Nearly 30% of Americans admit to 'zombie driving'

'Tis the season for zombie driving, but it’s no laughing matter.

In all seriousness, it turns out nearly 30% of Americans admit to doing it.

Zombie driving is when you zone out while behind the wheel on the roadway. 

A recent survey reviewed people’s driving habits, and it turns out many of us are on autopilot on the roadway.

A reported 27% of drivers say they zone out while driving, more than half say they feel like they’re driving on autopilot and 49% say it typically happens when they have a lot on their mind.

MDOT: 557 people died on Maryland roads last year, distracted driving part of problem

This is apparently happening nationwide and the DMV is no exception. FOX 5 spoke with drivers in northern Virginia who admit to zombie driving — especially on the highway.

The survey results, first reported by Study Finds, show on average drivers acknowledge zoning out at least four times a week. It reportedly happens more during long drives.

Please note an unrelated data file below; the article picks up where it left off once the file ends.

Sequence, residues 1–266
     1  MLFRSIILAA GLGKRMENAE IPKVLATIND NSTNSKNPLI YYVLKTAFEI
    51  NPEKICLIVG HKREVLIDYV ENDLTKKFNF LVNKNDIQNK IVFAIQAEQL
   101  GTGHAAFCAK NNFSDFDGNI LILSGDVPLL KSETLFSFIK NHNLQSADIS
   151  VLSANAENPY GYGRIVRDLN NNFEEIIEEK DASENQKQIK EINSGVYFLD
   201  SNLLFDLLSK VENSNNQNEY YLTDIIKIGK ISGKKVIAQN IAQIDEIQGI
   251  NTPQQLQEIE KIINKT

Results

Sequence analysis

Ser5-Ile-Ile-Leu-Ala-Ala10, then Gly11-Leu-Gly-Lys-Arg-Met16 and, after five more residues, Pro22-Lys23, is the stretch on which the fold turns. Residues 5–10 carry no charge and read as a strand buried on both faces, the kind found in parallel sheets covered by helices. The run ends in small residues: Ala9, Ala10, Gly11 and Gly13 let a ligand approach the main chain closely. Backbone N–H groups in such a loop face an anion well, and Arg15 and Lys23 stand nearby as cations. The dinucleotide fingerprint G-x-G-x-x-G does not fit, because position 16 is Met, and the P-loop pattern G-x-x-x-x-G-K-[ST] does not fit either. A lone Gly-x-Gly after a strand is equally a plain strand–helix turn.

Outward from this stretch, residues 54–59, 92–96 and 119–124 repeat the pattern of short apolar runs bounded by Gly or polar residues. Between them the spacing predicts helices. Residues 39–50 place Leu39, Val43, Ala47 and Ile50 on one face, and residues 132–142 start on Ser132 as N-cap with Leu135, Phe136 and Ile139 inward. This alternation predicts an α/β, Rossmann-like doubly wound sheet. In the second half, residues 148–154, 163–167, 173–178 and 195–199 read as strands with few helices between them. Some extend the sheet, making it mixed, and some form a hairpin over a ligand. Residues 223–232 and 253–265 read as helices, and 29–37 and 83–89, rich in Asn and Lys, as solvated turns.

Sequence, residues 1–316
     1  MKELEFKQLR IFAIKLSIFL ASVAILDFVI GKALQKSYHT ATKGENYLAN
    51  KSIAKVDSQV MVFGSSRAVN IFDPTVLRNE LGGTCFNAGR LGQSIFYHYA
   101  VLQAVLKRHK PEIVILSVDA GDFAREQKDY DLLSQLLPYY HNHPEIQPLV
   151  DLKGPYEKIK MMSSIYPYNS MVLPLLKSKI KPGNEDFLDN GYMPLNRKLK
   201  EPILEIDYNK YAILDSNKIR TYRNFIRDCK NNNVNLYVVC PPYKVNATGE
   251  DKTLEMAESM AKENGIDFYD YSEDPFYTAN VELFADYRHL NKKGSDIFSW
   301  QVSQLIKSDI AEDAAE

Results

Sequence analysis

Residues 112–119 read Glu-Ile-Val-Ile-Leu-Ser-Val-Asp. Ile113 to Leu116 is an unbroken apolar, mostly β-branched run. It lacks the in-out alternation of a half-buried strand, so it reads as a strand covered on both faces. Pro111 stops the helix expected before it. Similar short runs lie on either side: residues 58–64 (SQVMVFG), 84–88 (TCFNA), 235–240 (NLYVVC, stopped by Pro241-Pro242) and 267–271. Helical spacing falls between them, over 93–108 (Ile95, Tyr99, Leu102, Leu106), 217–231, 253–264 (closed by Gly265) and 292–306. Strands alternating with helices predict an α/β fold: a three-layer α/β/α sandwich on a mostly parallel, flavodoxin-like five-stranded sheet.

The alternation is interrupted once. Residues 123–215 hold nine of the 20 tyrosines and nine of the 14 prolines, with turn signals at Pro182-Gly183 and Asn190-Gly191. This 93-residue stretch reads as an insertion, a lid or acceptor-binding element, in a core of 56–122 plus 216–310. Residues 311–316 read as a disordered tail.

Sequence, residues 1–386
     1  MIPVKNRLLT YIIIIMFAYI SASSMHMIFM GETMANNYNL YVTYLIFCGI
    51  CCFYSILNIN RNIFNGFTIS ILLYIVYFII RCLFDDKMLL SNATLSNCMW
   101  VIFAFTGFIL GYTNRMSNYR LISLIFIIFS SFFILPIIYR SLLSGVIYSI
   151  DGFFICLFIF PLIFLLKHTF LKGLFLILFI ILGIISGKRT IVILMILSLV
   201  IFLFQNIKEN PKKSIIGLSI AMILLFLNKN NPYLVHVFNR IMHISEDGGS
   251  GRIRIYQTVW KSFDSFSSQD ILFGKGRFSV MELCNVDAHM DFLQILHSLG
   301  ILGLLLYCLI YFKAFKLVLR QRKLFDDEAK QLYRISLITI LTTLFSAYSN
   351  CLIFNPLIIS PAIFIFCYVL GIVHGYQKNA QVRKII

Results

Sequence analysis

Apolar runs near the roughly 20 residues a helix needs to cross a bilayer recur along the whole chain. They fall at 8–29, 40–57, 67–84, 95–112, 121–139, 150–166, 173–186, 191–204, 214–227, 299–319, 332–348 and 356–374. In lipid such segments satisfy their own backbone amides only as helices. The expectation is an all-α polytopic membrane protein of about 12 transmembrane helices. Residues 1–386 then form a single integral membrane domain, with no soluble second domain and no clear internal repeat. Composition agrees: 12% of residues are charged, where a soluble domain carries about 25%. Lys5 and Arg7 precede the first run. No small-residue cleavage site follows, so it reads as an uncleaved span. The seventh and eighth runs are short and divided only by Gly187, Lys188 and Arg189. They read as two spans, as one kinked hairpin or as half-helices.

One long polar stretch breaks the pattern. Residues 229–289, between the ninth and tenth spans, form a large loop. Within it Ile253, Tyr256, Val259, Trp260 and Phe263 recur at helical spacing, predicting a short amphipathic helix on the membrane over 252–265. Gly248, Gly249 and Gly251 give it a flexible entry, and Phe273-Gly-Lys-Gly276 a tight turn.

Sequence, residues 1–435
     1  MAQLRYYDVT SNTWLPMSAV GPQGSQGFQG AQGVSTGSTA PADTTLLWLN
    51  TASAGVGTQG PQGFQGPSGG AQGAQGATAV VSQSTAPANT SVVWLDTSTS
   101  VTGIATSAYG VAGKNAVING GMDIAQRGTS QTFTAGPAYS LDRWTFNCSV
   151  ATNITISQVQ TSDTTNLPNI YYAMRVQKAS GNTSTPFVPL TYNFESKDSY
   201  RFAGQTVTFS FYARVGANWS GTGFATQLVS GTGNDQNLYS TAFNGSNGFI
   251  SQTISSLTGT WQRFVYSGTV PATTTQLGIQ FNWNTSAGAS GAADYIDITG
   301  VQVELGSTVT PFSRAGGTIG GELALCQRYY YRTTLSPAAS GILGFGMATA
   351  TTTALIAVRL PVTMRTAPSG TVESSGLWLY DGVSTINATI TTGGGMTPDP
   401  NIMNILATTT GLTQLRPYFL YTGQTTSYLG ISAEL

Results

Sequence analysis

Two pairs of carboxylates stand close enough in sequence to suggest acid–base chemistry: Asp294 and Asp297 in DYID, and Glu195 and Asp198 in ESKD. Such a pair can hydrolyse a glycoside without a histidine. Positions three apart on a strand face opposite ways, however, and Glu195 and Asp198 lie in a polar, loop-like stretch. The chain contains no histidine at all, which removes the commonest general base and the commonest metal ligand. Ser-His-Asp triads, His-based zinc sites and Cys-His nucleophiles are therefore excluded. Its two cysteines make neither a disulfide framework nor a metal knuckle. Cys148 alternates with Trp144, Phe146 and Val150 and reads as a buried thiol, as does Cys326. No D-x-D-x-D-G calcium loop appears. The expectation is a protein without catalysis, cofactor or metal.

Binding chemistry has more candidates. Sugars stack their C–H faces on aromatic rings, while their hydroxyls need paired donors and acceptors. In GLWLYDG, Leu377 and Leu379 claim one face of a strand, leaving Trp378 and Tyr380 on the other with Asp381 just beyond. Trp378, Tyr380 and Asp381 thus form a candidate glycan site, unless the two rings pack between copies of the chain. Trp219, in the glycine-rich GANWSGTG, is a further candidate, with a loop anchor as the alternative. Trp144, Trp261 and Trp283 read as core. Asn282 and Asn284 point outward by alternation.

While many people say this happens when they have a lot on their minds, others blame sleep deprivation.

Associate Dean Dr. Alex Del Carmen with the School of Criminology at Tarleton State University says, "The idea is that if somebody crosses the lanes expended … they did not even think about it."

This new revelation comes amid Pedestrian Safety Month. The Department of Motor Vehicles reports in Virginia, so far this year, crashes have killed 123 pedestrians on Virginia roadways, which is an increase of 34% compared to this time in 2021. 

While both zombie driving and distracted driving can be dangerous, zombie driving is passive — you're watching the road, but your mind is focused on something else. Distracted driving includes texting, eating, talking on the phone, or streaming shows all while driving.